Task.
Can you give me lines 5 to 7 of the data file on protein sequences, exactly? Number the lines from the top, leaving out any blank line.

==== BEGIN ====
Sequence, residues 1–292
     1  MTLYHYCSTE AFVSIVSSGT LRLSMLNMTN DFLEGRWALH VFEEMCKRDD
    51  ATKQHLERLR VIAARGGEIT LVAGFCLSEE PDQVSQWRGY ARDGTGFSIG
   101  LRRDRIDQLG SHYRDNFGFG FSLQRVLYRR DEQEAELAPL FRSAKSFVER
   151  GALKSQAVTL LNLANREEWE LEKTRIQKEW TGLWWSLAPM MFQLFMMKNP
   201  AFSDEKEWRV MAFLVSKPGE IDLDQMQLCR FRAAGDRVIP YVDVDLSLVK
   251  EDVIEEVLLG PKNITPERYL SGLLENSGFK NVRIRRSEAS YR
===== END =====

   151  GALKSQAVTL LNLANREEWE LEKTRIQKEW TGLWWSLAPM MFQLFMMKNP
   201  AFSDEKEWRV MAFLVSKPGE IDLDQMQLCR FRAAGDRVIP YVDVDLSLVK
   251  EDVIEEVLLG PKNITPERYL SGLLENSGFK NVRIRRSEAS YR